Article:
Why did you pick up that magazine, anyway?

The art of crafting engaging covers

While custom magazines don’t typically compete with other titles on the newsstand, employing tactics by those that stand out among hundreds of other titles can make a big difference in readership. Why? No matter where or how your publication is distributed, the competition is still fierce for your readers’ time and attention. Regardless of whether a magazine is for sale, mailed or simply competing for a flip-through at the doctor’s office, cover design comes down to one imperative goal: grab attention.

A cover has approximately three seconds to wow before it’s overlooked. That’s why making all the basic tenets for composition, type, color and copy work well together is so important. And why large consumer magazines spend hours upon hours gathering feedback from focus groups, editorial, design and circulation to achieve that “newsstand friendliness” factor.

Take Road King, which Parthenon publishes for TravelCenters of America. It is distributed through more than 160 truckstop locations across the country. Like all other magazines, it must engage the reader so he or she will pick it up. The May/June 2008 cover is a great example of each element working together to capture the reader’s attention and then lure them inside. It’s straightforward, but with enough dazzle to stand out and get noticed across the room. Here’s some basic cover wisdom we always keep in mind:

  • Don’t lose your brand. The name of your magazine is an important element that readers have come to trust. Readers can identify magazines like National Geographic or Sports Illustrated without being able to read the name. Others, with less famous identities, need to be careful about hiding their brands behind a great photo.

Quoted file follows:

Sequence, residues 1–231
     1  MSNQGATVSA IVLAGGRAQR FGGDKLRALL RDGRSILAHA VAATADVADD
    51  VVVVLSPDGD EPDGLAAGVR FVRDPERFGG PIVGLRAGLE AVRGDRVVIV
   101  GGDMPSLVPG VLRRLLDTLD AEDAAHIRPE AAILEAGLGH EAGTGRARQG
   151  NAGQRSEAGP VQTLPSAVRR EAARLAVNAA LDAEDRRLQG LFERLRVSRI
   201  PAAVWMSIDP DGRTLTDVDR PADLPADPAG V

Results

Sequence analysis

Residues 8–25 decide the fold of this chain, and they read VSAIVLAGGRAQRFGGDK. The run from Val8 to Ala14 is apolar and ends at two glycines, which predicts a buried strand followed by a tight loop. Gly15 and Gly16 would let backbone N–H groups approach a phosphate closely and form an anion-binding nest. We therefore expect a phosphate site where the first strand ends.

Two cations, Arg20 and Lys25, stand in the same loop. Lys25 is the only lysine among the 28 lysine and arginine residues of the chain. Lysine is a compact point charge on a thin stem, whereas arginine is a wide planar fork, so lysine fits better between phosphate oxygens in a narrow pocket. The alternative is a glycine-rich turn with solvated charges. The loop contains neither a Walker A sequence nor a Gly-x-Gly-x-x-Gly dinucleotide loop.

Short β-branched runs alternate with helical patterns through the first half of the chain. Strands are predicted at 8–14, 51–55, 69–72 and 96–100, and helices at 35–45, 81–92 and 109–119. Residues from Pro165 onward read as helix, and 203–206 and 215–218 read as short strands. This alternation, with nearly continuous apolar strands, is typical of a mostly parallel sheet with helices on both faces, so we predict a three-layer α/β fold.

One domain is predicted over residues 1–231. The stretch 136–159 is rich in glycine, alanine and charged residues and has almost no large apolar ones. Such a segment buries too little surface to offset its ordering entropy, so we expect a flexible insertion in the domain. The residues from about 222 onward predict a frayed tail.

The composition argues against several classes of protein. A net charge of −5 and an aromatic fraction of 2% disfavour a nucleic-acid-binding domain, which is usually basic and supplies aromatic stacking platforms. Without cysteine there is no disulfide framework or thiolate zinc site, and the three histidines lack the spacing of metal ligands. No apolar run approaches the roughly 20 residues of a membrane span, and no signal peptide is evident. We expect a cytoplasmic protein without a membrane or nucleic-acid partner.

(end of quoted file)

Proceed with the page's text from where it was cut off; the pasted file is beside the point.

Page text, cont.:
• Don’t tease what you can’t deliver. “Lose 10 Pounds By Tuesday” may be a huge attention-grabber, but readers will feel alienated if it’s really just a roundup of reduce-fat-and-workout-more advice they’ve heard a million times.
  • The focus of the image or artwork must be clear and tell the story. It shouldn’t have to rely solely on the adjacent coverline for explanation. The tighter the crop, the greater the photo’s impact. Intimacy lures readers in.
  • Coverlines should be service-oriented and make the reader want to turn inside. The most important coverline should be set aside graphically from the rest, with a distinctive font, size and color treatment. Make the copy enticing and stick to active tense. Remember, too, that numbers are irresistible sellers: “One driver, 28 years, 3.75 million miles.”

Think about a cover that’s caught you off guard lately in the supermarket – or that was so captivating from years ago, you decided to keep it. What made it so classic? The American Society of Magazine Editors compiled a list of their Top 40 covers of the past 40 years and their cover finalists for 2008.